More than 25% of respondents saw each of the three trial factors as deterrents. They felt clinical trials were too time consuming, were not innovative, and did not address questions relevant to their patients.

Factors Deterring Native Hawaiian Participation

The open-ended question elicited a number of reasons for low clinical trial participation by Native Hawaiians. Several referred to cultural factors, e.g., that Native Hawaiians have a cultural bias against Western medicine (n=5), fear diagnosis and therapy (n=3), and prefer to try Hawaiian traditional remedies or other alternative approaches (n=4). Two physicians commented on the difficulty in getting informed consent, and one of these physicians wrote, “It’s hard for a physician to ‘talk story’ long enough for Native Hawaiian patients to feel comfortable joining a trial.” Related to this were two comments on quality of life. A physician wrote that, to Native Hawaiians, “quality of life is much more important than quantity.” Another noted that Native Hawaiians were reluctant to join clinical trials because they had “witnessed suffering and lack of improvement from chemotherapy in their families.”

The second category encompassed access issues, including socioeconomic barriers (n=4) and lack of Native Hawaiian physicians, especially in cancer specialties (n=l). A third category concerned education, e.g.. Native Hawaiians lacked information about cancer and screening recommendations (n=3) and that they had a poor understanding of the process and benefits of clinical trials (n=5).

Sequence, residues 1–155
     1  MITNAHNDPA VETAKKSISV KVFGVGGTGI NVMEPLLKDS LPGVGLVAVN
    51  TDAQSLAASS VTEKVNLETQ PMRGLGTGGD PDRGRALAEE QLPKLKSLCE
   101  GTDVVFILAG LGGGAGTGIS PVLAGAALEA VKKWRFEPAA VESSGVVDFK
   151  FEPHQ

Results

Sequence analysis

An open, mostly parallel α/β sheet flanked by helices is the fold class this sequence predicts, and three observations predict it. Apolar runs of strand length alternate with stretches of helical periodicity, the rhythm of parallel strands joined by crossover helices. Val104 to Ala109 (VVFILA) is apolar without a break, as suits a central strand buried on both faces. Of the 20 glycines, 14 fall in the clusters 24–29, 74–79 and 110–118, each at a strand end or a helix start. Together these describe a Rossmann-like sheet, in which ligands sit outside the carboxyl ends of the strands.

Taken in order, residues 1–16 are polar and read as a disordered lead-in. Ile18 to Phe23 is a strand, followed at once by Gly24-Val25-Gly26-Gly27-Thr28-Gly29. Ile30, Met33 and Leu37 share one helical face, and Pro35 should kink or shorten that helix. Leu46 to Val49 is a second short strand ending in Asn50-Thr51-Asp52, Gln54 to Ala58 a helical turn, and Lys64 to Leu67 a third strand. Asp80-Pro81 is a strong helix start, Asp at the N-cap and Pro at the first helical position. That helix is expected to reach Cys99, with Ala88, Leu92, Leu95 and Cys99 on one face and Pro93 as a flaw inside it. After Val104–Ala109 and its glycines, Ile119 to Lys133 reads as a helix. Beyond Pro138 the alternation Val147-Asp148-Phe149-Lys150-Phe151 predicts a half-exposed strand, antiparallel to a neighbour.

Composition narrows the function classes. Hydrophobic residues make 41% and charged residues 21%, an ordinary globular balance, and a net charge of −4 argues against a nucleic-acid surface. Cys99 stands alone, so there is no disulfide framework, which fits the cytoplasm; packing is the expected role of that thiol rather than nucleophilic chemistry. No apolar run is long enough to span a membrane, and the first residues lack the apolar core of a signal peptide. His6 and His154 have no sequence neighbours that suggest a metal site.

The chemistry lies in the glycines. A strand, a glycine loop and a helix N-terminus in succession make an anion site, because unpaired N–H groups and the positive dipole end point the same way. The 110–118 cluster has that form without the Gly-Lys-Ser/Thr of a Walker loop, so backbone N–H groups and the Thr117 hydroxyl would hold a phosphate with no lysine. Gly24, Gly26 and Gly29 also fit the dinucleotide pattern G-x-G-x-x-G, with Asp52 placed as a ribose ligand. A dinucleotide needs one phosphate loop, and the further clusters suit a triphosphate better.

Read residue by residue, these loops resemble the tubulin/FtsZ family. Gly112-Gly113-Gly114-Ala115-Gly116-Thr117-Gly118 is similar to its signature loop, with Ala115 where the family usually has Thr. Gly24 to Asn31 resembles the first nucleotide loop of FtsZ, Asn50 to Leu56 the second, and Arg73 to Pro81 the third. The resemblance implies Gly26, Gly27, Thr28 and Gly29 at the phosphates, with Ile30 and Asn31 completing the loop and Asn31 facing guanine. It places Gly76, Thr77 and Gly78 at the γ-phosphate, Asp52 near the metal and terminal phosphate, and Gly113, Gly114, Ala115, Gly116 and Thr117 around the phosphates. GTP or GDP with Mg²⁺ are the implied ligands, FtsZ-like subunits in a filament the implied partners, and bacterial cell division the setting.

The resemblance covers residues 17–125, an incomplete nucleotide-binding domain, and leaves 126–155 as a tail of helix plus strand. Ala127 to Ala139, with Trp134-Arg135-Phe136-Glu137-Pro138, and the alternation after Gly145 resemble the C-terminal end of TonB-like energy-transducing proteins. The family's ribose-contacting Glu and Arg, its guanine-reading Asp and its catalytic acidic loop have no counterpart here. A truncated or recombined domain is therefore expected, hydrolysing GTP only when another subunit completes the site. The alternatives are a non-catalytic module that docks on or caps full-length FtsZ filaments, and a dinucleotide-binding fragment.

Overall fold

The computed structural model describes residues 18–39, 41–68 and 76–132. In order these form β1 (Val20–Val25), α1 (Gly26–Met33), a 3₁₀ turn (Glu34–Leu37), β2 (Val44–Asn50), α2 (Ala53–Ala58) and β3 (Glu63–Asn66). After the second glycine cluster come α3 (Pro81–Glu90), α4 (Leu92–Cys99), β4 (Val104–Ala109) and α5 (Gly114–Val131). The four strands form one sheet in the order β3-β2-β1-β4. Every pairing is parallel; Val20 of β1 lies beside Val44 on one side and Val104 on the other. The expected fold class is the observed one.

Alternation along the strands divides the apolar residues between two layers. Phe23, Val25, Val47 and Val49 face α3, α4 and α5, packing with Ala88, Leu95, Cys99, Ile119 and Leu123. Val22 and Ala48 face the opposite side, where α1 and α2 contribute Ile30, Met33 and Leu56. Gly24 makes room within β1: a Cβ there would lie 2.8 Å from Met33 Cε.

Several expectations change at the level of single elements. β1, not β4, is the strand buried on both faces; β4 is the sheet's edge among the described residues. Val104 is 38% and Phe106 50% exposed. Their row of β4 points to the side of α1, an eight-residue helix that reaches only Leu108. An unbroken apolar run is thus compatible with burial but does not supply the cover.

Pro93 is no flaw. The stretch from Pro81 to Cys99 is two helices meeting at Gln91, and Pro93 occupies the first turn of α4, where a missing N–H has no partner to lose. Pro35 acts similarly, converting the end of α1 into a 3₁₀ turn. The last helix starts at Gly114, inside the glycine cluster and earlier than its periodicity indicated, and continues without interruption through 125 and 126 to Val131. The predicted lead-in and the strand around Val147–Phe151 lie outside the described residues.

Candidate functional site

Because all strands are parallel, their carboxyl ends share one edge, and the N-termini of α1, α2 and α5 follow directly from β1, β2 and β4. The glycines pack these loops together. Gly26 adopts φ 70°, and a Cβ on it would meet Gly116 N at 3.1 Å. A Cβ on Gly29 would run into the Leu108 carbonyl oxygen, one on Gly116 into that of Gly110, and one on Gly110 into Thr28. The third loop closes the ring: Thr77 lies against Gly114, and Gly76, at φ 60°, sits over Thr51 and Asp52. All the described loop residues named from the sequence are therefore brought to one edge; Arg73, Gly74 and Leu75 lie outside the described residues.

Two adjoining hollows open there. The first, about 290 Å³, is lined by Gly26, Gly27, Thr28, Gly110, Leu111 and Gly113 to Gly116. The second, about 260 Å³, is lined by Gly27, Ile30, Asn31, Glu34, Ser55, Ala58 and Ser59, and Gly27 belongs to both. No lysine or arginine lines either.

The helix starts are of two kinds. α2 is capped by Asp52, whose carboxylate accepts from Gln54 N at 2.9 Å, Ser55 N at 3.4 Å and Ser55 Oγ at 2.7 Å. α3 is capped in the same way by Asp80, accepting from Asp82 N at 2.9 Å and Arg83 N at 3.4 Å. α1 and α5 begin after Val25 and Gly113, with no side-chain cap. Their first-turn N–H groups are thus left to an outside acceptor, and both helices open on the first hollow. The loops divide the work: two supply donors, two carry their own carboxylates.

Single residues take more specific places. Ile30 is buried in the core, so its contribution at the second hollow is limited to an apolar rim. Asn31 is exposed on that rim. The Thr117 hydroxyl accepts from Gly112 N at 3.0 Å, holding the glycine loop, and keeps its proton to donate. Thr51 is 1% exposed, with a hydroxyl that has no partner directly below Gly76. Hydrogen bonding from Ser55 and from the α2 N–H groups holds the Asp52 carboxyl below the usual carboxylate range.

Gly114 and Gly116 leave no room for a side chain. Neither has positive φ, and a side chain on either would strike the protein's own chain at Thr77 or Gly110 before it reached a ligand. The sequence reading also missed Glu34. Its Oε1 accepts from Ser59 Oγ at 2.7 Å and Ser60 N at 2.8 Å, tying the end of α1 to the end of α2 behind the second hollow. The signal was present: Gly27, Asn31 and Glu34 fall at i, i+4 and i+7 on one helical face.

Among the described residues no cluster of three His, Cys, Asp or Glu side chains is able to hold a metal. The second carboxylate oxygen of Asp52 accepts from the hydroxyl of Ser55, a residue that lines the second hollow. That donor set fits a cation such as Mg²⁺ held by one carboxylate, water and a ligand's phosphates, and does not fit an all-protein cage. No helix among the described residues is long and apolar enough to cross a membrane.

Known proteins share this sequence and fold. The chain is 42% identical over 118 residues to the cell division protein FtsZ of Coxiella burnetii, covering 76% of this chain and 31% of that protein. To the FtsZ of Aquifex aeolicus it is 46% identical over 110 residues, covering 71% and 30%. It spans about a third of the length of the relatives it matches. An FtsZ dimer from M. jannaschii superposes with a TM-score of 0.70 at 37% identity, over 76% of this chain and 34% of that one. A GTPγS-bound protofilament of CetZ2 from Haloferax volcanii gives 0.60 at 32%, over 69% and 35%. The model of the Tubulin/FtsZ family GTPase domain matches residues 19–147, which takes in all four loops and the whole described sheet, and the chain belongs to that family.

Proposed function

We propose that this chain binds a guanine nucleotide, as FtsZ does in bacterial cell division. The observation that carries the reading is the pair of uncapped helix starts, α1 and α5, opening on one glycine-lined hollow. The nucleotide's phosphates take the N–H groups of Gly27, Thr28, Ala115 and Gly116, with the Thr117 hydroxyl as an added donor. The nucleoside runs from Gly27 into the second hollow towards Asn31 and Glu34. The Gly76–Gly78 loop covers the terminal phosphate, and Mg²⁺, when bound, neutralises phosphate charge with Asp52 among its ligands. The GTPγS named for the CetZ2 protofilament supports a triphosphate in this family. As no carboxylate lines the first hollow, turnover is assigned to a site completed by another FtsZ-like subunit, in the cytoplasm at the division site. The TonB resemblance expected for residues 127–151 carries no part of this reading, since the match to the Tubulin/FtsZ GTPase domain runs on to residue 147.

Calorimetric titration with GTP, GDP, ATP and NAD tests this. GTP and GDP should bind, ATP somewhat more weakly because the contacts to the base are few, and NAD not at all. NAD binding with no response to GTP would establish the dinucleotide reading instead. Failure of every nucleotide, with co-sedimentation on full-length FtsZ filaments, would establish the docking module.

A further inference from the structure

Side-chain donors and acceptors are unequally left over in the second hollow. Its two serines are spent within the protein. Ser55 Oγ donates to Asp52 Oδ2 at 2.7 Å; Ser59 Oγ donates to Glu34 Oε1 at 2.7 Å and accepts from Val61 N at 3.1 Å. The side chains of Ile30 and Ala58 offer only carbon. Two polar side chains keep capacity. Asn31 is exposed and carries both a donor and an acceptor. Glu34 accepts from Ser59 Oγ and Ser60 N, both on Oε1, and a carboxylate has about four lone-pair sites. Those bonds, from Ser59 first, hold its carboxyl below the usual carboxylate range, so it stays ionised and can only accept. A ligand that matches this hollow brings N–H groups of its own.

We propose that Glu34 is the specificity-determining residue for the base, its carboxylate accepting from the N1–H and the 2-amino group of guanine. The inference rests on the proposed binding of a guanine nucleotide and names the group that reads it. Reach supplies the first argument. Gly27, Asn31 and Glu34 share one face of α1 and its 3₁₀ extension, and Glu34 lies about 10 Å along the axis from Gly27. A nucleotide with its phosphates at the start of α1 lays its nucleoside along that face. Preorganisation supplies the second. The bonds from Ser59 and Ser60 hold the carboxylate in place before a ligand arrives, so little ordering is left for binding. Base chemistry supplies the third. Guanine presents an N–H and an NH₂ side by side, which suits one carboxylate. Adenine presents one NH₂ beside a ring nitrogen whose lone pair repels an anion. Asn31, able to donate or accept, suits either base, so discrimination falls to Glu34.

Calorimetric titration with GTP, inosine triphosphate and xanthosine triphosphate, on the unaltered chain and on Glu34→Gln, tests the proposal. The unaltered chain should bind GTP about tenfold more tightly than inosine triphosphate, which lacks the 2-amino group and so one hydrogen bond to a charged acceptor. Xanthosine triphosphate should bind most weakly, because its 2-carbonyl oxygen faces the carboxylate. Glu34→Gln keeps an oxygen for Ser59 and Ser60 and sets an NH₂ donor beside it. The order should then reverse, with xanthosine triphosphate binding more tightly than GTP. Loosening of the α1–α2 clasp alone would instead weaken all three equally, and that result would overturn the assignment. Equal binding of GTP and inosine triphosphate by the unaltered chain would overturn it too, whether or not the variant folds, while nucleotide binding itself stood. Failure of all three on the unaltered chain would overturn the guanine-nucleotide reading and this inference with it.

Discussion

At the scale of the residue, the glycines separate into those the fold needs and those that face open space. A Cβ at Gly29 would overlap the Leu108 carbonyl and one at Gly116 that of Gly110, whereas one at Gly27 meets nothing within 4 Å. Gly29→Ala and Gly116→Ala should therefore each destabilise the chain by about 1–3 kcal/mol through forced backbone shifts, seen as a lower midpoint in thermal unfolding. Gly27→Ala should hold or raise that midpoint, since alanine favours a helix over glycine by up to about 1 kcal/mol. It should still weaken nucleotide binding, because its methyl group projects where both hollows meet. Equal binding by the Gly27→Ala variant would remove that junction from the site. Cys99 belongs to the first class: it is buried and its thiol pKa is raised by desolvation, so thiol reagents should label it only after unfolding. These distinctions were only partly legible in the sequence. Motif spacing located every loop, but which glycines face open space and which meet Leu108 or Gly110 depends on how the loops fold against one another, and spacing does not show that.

A physician commented that, “Most people, including Native Hawaiians, would rather go with proven results,” while another cited “guinea pig” mentality. Two noted that Native Hawaiian patients often presented with a number of co-morbidities that made them ineligible for trials. Another physician wrote that, “Clinical trials may not be the best prescription for the patient.”

The final category encompassed physician issues, e.g., clinical trials are not offered by doctors (n=5), physicians are not interested in clinical trials (n=1), and clinical research is not supported by the medical community (n=1).

Discussion

Our findings suggest that most cancer specialty physicians feel comfortable discussing clinical trials with patients and are aware of the services provided through NCI and CRCH. However, generalizations must be tempered since not all physicians returned surveys and we do not know the knowledge, attitudes, and practices of non-respondents. However, since statistics show that participation in clinical trials is low, it appears that clinical trial participation rates can be improved.

Barriers to clinical trial accrual identified by Hawai‘i physicians were similar to those reported in the literature. Additionally, Hawai ‘i does not have an integrated statewide system for implementing clinical trials, most cancer specialists practice on O ‘ahu (reducing opportunities for participation by neighbor islanders), and physicians on O’ahu practice at a variety of hospitals with varying levels of support for clinical trials activities.6